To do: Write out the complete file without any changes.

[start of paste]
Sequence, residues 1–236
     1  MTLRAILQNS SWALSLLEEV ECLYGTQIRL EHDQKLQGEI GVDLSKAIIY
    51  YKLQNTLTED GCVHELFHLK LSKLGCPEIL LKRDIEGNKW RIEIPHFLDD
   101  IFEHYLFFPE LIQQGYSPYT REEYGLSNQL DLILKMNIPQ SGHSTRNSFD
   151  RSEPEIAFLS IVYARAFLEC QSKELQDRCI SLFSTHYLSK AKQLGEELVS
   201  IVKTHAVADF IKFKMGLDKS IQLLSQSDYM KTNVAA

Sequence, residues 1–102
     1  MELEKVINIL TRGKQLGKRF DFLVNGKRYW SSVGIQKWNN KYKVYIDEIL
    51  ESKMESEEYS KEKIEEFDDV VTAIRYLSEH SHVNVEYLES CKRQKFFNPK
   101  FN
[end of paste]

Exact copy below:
Sequence, residues 1–236
     1  MTLRAILQNS SWALSLLEEV ECLYGTQIRL EHDQKLQGEI GVDLSKAIIY
    51  YKLQNTLTED GCVHELFHLK LSKLGCPEIL LKRDIEGNKW RIEIPHFLDD
   101  IFEHYLFFPE LIQQGYSPYT REEYGLSNQL DLILKMNIPQ SGHSTRNSFD
   151  RSEPEIAFLS IVYARAFLEC QSKELQDRCI SLFSTHYLSK AKQLGEELVS
   201  IVKTHAVADF IKFKMGLDKS IQLLSQSDYM KTNVAA

Sequence, residues 1–102
     1  MELEKVINIL TRGKQLGKRF DFLVNGKRYW SSVGIQKWNN KYKVYIDEIL
    51  ESKMESEEYS KEKIEEFDDV VTAIRYLSEH SHVNVEYLES CKRQKFFNPK
   101  FN